It's time for DHS to tap into social media's proven ability to provide valuable information in a crisis, writes consultant W. David Stephenson.
W. David Stephenson is the principal at Stephenson Strategies in Medfield, Mass., and a Government/Enterprise 2.0 consultant.
After this spring’s tornadoes in the Southeast and Midwest and given the heightened concern about a possible new round of terrorist attacks, it’s time the Homeland Security Department made the public full partners in disaster and terrorism preparedness and response. Through creative use of social media and portable electronic devices, we’ve shown that we can provide important, actionable information. But DHS gives only lip service to an empowered public.
It’s been two years since DHS Secretary Janet Napolitano announced that the department would emulate the World War II strategy of involving the public in planning and response. Yet all we’ve seen from DHS is the disturbingly vague “If you see something, say something” campaign. Officials haven’t given us any guidance.
The department uses Twitter and Facebook to alert us during a disaster but only as an alternative broadcast medium. It doesn’t take advantage of social media’s opportunity for dialogue.
DHS should look to the National Weather Service for an effective model. NWS has programmed its computers to automatically read any tweets with the hashtag #wxreport. Amateur weather watchers use that tag to report tornadoes and other extreme weather. Because Global Positioning System chips automatically report a smart phone’s location, NWS can pinpoint an event on a real-time basis and get critical situational awareness.
During the Haiti earthquake, Project EPIC introduced a system to convey the maximum information in Twitter’s 140-character format. Short hashtags (#location, #status, #needs, #damage) preface content in tweets, and the information following the hashtags is machine-readable and, therefore, spread and analyzed automatically. Substantive, real-time situational awareness in only 140 characters!
In an era of fiscal limits, the government should stop hiring contractors to build multibillion-dollar communication systems that are vulnerable to attack because they are centralized and unlikely, given the history of such projects, to ever work as promised. You and I not only gladly buy the hardware for a more robust system, we even pay for constant upgrades.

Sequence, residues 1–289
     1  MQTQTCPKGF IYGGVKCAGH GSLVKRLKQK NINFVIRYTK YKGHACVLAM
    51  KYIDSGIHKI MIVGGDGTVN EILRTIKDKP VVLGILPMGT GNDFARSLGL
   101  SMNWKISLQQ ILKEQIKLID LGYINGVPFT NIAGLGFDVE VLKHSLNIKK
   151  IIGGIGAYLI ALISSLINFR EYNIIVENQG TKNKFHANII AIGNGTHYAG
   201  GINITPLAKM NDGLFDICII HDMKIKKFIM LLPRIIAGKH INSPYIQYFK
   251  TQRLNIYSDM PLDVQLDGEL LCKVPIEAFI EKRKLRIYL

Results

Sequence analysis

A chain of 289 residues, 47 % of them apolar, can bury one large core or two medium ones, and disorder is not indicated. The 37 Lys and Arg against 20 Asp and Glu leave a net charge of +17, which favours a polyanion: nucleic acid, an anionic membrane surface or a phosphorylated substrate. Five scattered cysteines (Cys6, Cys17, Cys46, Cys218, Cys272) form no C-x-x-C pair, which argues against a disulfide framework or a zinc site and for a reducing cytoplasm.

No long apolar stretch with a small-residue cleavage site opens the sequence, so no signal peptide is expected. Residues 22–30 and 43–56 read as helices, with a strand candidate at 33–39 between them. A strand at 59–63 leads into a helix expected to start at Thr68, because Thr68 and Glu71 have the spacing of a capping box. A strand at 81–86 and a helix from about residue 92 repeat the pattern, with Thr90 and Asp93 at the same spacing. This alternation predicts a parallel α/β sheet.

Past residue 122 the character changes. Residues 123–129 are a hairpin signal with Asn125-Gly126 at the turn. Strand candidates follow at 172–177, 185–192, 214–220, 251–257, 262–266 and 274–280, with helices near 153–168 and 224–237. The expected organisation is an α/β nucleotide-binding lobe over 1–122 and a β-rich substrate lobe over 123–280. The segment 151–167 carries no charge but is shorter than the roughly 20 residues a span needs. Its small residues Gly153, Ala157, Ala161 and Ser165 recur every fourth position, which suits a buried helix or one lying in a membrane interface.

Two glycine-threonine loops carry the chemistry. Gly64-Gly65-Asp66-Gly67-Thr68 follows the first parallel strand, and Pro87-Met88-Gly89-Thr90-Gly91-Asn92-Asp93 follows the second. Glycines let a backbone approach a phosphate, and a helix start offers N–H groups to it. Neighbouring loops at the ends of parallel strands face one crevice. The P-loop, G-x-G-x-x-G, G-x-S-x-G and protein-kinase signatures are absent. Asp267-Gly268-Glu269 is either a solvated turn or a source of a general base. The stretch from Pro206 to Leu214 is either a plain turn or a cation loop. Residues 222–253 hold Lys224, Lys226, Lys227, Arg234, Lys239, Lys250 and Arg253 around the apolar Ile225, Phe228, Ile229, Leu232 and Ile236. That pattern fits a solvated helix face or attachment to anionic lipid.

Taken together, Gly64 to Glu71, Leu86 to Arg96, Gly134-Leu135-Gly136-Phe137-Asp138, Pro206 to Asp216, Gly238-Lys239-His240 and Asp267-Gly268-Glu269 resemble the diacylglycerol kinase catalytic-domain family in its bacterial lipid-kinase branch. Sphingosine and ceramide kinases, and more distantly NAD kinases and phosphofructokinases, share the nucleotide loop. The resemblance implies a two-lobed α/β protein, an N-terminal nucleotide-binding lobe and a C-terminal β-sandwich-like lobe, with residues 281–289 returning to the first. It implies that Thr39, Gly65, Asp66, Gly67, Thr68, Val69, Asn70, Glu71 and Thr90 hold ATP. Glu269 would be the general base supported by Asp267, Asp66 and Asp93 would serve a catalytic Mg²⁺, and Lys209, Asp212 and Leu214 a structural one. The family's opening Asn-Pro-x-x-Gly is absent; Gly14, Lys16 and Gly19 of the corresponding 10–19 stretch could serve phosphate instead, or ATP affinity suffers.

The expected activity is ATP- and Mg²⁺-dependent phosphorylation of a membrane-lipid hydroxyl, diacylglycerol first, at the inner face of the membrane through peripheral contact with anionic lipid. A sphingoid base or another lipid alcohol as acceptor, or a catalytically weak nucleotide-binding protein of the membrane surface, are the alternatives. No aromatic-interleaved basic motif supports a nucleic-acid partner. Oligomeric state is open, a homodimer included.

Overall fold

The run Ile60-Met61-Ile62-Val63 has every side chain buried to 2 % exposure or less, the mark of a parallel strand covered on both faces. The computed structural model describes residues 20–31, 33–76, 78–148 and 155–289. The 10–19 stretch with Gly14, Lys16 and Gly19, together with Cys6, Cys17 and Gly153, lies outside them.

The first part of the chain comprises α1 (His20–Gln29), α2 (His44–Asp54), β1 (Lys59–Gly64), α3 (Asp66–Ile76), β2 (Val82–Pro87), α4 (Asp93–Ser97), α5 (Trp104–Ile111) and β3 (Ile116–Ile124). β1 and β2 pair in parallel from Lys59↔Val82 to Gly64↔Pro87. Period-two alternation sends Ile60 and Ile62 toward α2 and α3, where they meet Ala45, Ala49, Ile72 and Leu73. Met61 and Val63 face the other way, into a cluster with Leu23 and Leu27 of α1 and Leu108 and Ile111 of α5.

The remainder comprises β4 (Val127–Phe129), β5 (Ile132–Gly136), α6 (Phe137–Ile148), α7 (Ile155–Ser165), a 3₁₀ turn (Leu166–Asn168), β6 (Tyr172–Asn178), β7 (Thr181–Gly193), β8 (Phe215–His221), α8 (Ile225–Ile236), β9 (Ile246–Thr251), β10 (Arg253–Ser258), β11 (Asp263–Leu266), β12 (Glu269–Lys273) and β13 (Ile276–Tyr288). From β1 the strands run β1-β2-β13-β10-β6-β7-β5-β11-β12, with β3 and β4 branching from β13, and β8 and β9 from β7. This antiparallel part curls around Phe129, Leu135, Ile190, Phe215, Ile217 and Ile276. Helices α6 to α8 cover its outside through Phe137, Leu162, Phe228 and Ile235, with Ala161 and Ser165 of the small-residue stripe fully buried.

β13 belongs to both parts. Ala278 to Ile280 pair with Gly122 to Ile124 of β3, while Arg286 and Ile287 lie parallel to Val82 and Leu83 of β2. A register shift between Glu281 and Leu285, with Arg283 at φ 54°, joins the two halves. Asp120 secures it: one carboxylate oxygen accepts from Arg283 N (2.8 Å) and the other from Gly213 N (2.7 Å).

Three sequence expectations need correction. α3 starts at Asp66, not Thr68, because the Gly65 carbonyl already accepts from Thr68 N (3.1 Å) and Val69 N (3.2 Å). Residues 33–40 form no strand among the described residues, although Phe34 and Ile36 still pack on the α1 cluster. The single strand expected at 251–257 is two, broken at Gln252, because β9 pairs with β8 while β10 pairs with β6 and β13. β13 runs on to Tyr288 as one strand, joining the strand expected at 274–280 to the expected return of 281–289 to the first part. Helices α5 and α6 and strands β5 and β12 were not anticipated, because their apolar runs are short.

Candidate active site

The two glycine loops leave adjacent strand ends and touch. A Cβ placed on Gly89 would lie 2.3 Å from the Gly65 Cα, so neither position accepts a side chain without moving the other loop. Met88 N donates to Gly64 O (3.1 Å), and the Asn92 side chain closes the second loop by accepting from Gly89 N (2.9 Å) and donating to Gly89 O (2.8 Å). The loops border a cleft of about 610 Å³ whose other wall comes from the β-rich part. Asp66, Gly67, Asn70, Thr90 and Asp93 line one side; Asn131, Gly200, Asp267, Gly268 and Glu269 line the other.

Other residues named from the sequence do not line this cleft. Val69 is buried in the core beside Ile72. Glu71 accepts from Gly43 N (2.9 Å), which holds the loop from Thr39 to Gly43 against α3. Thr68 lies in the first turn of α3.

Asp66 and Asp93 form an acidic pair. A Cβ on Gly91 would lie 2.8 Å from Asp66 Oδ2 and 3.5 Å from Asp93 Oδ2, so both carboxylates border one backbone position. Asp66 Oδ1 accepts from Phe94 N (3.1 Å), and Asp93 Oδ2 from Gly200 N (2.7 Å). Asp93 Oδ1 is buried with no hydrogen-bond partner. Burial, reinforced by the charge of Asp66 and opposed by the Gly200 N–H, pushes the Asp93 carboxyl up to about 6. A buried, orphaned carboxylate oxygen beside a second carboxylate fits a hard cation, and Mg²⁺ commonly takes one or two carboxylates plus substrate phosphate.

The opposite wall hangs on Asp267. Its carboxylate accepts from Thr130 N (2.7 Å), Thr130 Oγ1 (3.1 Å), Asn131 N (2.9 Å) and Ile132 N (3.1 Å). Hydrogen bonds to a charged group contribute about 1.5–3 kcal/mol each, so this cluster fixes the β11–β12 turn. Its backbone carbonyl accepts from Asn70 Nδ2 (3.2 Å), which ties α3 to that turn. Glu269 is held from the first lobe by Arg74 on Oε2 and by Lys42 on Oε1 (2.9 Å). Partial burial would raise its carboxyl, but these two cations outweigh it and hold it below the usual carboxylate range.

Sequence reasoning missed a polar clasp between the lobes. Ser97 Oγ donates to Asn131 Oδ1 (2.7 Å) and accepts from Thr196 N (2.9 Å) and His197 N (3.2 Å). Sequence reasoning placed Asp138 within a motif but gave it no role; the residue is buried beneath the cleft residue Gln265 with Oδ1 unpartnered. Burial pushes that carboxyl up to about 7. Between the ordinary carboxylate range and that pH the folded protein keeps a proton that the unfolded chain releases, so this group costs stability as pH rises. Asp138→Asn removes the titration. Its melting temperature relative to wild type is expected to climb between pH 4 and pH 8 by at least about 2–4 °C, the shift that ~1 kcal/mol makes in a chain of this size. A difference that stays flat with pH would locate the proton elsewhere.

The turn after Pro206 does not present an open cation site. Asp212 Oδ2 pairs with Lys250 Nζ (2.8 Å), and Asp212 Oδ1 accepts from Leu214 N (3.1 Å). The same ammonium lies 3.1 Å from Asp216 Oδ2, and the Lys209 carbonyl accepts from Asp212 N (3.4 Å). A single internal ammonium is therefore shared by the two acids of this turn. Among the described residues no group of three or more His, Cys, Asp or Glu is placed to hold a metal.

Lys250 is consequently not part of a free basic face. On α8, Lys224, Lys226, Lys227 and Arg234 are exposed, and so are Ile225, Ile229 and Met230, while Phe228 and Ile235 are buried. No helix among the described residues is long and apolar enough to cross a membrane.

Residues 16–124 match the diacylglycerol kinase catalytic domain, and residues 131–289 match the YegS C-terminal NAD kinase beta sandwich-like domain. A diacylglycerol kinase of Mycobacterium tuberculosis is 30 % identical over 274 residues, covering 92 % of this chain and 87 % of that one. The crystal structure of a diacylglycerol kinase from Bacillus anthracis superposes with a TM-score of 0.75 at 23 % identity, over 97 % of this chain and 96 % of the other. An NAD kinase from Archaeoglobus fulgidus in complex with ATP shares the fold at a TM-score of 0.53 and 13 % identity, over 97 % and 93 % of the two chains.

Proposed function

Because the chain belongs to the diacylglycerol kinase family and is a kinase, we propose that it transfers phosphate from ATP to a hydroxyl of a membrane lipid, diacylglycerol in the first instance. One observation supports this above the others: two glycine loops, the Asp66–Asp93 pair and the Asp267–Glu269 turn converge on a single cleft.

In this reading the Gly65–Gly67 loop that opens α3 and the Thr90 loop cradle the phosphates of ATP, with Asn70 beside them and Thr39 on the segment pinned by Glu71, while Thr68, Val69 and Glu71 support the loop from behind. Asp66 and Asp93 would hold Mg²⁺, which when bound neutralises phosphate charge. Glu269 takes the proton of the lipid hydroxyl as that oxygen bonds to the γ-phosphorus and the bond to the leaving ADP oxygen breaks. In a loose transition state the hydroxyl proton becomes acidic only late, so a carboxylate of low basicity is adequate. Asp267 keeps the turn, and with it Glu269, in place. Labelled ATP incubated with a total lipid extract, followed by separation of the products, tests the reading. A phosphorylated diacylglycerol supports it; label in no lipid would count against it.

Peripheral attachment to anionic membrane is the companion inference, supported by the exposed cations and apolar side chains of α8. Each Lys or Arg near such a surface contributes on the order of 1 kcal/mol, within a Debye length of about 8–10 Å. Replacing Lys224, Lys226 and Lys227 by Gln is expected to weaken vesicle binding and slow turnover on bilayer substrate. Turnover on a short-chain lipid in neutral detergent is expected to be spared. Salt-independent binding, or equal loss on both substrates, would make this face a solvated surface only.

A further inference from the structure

Even better, we’ve built far-reaching social networks that give credibility to the messages that we originate or pass on from government officials.
An effective, networked homeland security strategy can’t be built around a specific device or application because it’s impossible to known in advance which one might still be usable in a disaster. Instead, the strategy must use a mix of tools, such as Twitter, Facebook, real-time Qik videos or, in the worst disasters, walkie-talkies.
The public has already kept our part of the bargain by buying advanced mobile devices and mastering social apps that can be invaluable in disasters. In an American Red Cross survey last year, one in five users said they had provided information about an emergency to their online social networks.
Now the government must meet us halfway.
That involves two things: coaching us on what kind of information would be helpful in an emergency and, when one happens, factoring real-time, location-based information from the public into actionable intelligence for responding while using social media to guide us. Pennsylvania’s Terrorism Awareness and Prevention program does all that. It would be simple for the federal government to adopt that approach and scale it up.
Also, it’s important that government agencies begin creating relationships with social media communities in advance of an emergency to build mind share and credibility so that we’ll look to them as part of our trusted networks in times of need.
During World War II, those on the home front felt empowered because of outreach programs designed to give them a specific role. It’s time for DHS to go beyond public service announcements to do the same.